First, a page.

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Bond Report: 10-year Treasury yield flirts with record low ahead of weekly jobless claims

Bond Report

Treasury yields inched lower on Thursday ahead of a snapshot of the labor market’s strength amid growing worries that the recovery in U.S. employment is taking a longer time than hoped as coronavirus cases rise in many states.

What are Treasurys doing?

The 10-year Treasury note yield

fell 2.1 basis points to 0.522%, near its all-time closing low of 0.501%, while the 2-year note rate

edged 0.4 basis point down to 0.113%. The 30-year bond yield

slipped 2.9 basis points to 1.190%.

See: Here’s why the 10-year yield is a whisker away from setting a new record low

What’s driving Treasurys?

The weekly jobless claims numbers will command the attention of the market on Thursday, with MarketWatch-polled economists forecasting 1.4 million Americans to have filed unemployment benefits in the latest weekly period.

The labor-market data will come ahead of the official monthly employment report on Friday. Analysts warn other employment indicators could point to fewer job gains in July, a risk to markets that have betted on a sharp economic rebound after a dismal second-quarter this year.

Job cuts announced by U.S.-based employers jumped in July to 262,649, the third-largest monthly total ever, according to global outplacement firm Challenger, Gray & Christmas.

These concerns were shared by senior Federal Reserve officials. Cleveland Fed President Loretta Mester on Wednesday said the U.S. labor market is even weaker than the data indicates. Meanwhile, Dallas Fed President Robert Kaplan is due to speak at 10 a.m. ET.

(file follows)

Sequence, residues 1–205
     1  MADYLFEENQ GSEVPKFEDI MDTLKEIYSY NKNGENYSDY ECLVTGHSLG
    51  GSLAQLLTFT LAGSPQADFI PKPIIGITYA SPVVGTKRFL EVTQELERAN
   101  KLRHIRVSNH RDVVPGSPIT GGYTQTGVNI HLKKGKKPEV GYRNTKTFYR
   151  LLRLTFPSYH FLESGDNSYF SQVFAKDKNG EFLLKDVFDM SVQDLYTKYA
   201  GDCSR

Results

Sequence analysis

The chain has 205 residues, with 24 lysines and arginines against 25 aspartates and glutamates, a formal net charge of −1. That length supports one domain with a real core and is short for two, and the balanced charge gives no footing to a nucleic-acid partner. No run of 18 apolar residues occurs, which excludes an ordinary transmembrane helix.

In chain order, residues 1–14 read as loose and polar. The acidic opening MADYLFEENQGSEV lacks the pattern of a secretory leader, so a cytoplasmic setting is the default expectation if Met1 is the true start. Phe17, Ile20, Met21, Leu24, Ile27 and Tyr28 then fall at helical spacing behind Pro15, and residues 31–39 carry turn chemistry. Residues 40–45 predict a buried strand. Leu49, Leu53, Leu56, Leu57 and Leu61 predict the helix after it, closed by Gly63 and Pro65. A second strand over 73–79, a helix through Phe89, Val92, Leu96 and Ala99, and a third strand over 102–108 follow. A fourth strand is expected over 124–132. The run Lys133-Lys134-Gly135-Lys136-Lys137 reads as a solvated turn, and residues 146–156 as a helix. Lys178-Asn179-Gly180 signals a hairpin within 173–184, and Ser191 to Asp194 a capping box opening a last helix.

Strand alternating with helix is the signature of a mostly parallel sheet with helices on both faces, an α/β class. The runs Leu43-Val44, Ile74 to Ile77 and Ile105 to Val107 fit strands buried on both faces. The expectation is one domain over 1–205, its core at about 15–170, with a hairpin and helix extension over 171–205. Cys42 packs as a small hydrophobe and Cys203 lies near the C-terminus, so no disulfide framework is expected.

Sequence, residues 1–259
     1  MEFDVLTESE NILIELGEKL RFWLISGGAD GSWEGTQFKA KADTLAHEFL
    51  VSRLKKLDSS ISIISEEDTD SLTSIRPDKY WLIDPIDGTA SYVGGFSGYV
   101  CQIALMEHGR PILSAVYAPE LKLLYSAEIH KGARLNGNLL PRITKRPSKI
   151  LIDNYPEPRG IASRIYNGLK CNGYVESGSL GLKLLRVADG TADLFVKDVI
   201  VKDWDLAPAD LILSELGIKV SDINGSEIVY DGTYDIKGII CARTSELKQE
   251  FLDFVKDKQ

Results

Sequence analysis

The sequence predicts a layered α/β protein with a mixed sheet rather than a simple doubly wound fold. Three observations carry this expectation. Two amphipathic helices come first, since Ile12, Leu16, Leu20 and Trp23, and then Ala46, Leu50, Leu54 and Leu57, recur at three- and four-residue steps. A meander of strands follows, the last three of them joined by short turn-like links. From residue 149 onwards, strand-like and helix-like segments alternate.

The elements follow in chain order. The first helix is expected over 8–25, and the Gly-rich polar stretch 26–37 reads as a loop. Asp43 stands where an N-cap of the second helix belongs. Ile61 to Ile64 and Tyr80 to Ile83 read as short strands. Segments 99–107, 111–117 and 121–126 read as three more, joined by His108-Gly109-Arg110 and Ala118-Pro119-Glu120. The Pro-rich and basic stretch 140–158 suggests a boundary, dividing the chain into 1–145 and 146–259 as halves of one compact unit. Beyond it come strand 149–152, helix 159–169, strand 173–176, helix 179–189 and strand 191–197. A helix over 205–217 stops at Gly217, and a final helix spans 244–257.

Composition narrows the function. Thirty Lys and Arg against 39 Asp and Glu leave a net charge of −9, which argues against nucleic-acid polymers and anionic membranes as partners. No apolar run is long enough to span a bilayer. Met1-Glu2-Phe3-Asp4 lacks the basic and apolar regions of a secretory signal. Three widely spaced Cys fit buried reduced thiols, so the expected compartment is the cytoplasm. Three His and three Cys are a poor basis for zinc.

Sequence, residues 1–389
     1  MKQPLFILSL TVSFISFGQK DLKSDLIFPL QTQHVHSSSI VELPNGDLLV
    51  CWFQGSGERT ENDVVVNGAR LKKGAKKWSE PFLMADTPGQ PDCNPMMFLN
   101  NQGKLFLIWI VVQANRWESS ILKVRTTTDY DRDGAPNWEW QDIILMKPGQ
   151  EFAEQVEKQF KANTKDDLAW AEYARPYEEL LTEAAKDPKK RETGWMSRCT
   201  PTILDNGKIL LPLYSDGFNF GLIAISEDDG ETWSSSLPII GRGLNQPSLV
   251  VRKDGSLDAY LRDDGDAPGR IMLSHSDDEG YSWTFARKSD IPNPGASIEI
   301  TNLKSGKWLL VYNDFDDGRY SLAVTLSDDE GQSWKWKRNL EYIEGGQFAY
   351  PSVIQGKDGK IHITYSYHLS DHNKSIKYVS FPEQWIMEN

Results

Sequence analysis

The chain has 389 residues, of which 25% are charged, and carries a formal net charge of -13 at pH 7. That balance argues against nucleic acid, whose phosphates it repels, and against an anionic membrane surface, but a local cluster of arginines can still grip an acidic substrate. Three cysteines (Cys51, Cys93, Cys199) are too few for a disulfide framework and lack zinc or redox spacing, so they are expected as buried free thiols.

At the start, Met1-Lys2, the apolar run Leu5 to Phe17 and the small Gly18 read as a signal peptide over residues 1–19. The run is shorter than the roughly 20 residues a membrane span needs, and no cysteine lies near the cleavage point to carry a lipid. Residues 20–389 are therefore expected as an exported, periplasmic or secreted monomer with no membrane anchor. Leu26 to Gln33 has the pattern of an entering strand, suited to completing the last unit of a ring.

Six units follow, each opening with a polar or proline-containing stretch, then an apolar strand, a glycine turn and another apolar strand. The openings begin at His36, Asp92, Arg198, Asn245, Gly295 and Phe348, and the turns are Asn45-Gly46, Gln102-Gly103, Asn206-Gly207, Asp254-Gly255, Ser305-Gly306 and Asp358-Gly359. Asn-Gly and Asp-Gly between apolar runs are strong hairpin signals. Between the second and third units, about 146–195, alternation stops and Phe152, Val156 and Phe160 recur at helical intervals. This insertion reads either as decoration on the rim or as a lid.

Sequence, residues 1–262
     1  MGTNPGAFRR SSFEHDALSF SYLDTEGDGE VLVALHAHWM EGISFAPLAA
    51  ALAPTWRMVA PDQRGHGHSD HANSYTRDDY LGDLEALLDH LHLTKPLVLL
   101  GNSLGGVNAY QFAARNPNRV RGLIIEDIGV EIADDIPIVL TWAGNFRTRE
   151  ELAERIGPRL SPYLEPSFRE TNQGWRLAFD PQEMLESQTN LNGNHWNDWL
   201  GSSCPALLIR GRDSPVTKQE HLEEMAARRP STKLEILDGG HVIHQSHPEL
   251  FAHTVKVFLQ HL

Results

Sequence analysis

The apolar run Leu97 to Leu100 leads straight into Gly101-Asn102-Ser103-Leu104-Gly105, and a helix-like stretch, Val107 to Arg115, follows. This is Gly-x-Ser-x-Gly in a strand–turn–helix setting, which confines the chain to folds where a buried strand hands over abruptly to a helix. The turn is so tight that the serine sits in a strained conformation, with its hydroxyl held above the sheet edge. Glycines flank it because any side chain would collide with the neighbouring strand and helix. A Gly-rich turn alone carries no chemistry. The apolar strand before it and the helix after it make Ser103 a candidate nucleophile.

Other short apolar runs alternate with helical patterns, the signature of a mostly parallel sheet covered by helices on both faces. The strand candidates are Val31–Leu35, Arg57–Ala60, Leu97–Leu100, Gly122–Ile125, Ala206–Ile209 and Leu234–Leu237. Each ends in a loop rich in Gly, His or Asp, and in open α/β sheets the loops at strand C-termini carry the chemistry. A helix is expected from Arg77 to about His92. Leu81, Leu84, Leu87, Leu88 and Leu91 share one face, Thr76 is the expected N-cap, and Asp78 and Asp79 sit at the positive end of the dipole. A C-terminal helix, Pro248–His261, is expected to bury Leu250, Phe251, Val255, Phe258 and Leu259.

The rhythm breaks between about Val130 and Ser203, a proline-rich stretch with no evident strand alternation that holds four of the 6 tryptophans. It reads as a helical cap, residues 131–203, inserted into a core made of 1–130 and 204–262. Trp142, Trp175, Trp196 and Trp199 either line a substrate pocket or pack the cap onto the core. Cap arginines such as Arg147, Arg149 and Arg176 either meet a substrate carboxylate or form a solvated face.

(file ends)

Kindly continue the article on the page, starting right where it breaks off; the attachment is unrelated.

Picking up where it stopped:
The Bank of England held interest rates at zero and did not expand the size of its bond-buying program. Their policymaking committee noted it might take the U.K.’s annual economic output until the end of next year to return to levels last recorded at the end of 2019.

Negotiations over another fiscal stimulus package ran on in Congress. White House officials said that if a deal is not reached by Friday, talks are likely to stop during the summer recess.

What did market participants’ say?

“The bar is high for the U.S. 10-year to have another go at 0.50% unless risk assets swoon and Congress cannot agree on a stimulus bill before the weekend,” said Kenneth Broux, a strategist at Société Générale.

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